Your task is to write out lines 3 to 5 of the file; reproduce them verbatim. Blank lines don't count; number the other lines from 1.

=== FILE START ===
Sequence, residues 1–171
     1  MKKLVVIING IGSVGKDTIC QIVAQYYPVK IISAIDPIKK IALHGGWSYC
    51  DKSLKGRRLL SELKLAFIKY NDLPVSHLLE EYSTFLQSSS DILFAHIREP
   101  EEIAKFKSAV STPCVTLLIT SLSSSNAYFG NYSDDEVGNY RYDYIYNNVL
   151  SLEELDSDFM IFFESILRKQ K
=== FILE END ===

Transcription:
    51  DKSLKGRRLL SELKLAFIKY NDLPVSHLLE EYSTFLQSSS DILFAHIREP
   101  EEIAKFKSAV STPCVTLLIT SLSSSNAYFG NYSDDEVGNY RYDYIYNNVL
   151  SLEELDSDFM IFFESILRKQ K